Here are selected highlights of recent ReAct news and opinions, our policy briefs, fact sheets and published journal articles on a broad set of topics relevant for global and national debates on how to tackle antibiotic resistance.
Further down you can find more ReAct materials. You can also sign up to our newsletter.
In the early 1990s, a group of clinical specialists in Sweden realized that action was needed against antibiotic resistance, as multi-drug resistant pneumococci were increasingly seen among children.
Although Sweden has a well-structured health care system, the antibiotic stewardship efforts were weak and not coordinated. While some physicians had seen the huge impact of antibiotics on health first-hand, many seemed oblivious to the consequences of overuse.
During World Antibiotic Awareness Week ReAct Africa, ReAct Asia Pacific and ReAct Latin America arrange a series of activities to raise awareness among general public, media, veterinarians, farmers, policy workers and health care personell.
Member States’ representatives will gather in Geneva on November 9-10 where the WHO is holding the second consultation on the Global Development and Stewardship Framework. In preparation, the WHO has prepared a draft roadmap to guide discussions.
Mid October a high level workshop to discuss antimicrobial resistance (AMR) was held in Kerala, India. Stakeholders of the region joined the workshop to find solutions on how to move forward in the state’s work on antimicrobial resistance. A State Action Plan on AMR will be developed, the first subnational plan in India.
In a series of papers in the BMJ, invited authors summarize the most recent developments regarding antimicrobial resistance in the South East Asian region. In these countries, antibiotic use is high and policies are either absent or poorly implemented.
Here we highlight two of these articles focusing on antibiotic use and stewardship. They give good examples and may provide inspiration to other low- and middle-income countries.
It is a well-known fact that antibiotic resistant infections have a major influence on the health of people globally. Antibiotic resistance increases both mortality and morbidity due to treatment failures and lack of effective therapy. But antibiotic resistance has even more far-reaching consequences on different levels that often tend to be overlooked.
Read summary of key takeaways from the RAN conference on implementation on National Action Plans on Antimicrobial Resistance. At the end of the summary you can download the full report.
To learn more about our microbiome, read the new ReAct factsheet on the topic: “All You Wanted to Know About Microbes But Were Afraid to Ask… The Human Microbiome”.
National Action Plans are an essential component of the global strategies to address antibiotic resistance. At the country level, ReAct supports the development of National Action Plans together with partners from WHO, FAO, OIE and civil society organizations.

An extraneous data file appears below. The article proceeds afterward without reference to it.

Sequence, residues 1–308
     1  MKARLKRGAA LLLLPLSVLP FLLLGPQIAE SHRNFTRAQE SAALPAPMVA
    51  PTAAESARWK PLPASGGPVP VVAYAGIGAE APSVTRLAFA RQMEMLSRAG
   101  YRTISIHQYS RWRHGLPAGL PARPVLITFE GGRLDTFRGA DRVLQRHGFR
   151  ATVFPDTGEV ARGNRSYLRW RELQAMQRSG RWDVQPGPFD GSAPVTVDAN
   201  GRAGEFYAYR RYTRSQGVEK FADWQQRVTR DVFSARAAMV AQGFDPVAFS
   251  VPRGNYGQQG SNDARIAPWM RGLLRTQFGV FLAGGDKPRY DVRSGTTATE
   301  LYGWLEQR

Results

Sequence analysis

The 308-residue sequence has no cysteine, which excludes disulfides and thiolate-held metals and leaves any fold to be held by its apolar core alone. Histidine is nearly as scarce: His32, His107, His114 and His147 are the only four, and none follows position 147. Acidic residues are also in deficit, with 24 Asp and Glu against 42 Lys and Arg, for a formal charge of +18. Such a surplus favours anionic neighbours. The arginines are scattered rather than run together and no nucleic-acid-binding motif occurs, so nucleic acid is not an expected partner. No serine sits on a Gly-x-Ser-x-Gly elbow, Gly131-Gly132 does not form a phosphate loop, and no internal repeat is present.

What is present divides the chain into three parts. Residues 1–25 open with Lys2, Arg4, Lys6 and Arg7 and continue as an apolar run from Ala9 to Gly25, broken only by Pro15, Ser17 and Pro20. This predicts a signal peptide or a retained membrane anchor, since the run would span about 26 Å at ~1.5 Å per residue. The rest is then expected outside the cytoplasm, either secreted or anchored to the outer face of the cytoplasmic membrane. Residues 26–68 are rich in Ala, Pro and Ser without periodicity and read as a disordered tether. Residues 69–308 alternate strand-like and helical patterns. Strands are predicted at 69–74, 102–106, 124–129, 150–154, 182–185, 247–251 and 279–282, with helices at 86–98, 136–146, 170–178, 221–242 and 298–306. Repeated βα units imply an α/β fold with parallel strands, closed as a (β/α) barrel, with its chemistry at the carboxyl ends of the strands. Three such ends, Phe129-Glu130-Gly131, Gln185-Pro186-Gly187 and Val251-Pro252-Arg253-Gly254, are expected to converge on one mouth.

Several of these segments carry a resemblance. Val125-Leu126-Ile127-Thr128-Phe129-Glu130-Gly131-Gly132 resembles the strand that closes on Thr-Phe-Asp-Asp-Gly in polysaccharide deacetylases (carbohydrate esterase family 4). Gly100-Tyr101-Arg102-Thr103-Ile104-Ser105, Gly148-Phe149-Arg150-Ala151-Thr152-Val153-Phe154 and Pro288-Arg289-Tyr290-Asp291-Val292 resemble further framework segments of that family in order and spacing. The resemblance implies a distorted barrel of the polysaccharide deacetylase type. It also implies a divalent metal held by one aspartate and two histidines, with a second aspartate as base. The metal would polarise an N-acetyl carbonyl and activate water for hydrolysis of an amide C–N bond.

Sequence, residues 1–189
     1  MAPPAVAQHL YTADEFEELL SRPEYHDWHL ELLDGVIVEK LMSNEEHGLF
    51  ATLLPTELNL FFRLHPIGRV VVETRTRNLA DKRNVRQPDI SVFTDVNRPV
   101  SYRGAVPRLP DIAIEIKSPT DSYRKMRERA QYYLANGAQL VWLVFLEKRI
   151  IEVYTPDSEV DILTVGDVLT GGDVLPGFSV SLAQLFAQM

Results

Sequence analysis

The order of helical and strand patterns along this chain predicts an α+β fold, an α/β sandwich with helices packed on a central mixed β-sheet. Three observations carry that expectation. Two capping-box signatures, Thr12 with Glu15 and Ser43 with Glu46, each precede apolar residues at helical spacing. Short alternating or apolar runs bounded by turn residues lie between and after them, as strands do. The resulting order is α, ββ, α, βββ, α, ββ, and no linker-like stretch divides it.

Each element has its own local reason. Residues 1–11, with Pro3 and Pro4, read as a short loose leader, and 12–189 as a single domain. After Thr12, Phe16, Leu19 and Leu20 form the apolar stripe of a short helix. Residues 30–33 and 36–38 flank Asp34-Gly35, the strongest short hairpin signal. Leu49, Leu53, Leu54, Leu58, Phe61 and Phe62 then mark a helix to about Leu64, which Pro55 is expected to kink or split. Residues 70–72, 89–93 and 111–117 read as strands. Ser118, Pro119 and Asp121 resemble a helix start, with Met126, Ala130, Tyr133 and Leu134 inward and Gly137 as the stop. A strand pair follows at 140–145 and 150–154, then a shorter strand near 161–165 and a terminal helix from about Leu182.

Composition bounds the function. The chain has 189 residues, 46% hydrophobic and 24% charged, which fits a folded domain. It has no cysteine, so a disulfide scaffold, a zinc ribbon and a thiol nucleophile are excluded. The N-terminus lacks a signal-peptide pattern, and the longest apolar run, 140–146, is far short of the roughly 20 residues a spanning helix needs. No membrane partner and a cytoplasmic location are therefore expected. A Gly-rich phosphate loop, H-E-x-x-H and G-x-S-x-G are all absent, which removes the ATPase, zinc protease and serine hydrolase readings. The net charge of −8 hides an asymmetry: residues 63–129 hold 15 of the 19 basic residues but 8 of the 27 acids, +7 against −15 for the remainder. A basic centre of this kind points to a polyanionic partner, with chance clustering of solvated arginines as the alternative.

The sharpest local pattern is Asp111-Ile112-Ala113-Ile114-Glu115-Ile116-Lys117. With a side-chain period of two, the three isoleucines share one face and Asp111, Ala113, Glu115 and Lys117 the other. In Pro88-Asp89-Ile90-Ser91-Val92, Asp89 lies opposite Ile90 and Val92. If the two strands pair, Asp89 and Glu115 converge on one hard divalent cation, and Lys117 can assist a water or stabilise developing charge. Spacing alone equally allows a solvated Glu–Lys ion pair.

This week Professor Otto Cars, founder of ReAct – Action on Antibiotic Resistance, was formally nominated to the United Nations (UN) ad-hoc Interagency Coordination Group on Antimicrobial Resistance (ICG-AMR) by the United Nations Secretary General.
This paper examines how a number of the Sustainable Development Goals (SDGs) are impacted by antimicrobial resistance and suggests how to integrate the issue better into ongoing international policy processes using SDGs as an entry point.
The Antibiotic Resistance Coalition, a cross-sectoral coalition of 25 organizations which ReAct North America coordinates, has developed a comprehensive set of principles which guides the work and policy positions on antibiotic resistance.
ReAct held a series of briefings at the UNICEF’s headquarters in New York, USA, on the connection between antibiotic resistance and some of the major topics the organization covers such as health, nutrition and water, sanitation and hygiene (WASH).
The world has a collective responsibility to preserve antibiotic effectiveness and access for all. This paper lays down policy implications and global governance tools necessary to addressed to resolve access vs. excess dilemma.
This paper co-authored by ReAct points out the critical need to scale-up funding for low-and middle-income countries to support antimicrobial conservation and proposes a formation of the fund coordinating such support.
Our newsletter features newly published research from around the world, contemporary policy and news from ReAct. The newsletter is published twice per month. You can also access older newsletters here.
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Overview of all news and opinion pieces from ReAct.
More policy briefs and position papers from ReAct.
More scientific articles recently written by ReAct colleagues.
A selection of educational material developed by ReAct about antibiotic resistance.
More fact sheets developed by ReAct on relevant topics for antibiotic resistance.
A selection of ReAct produced reports.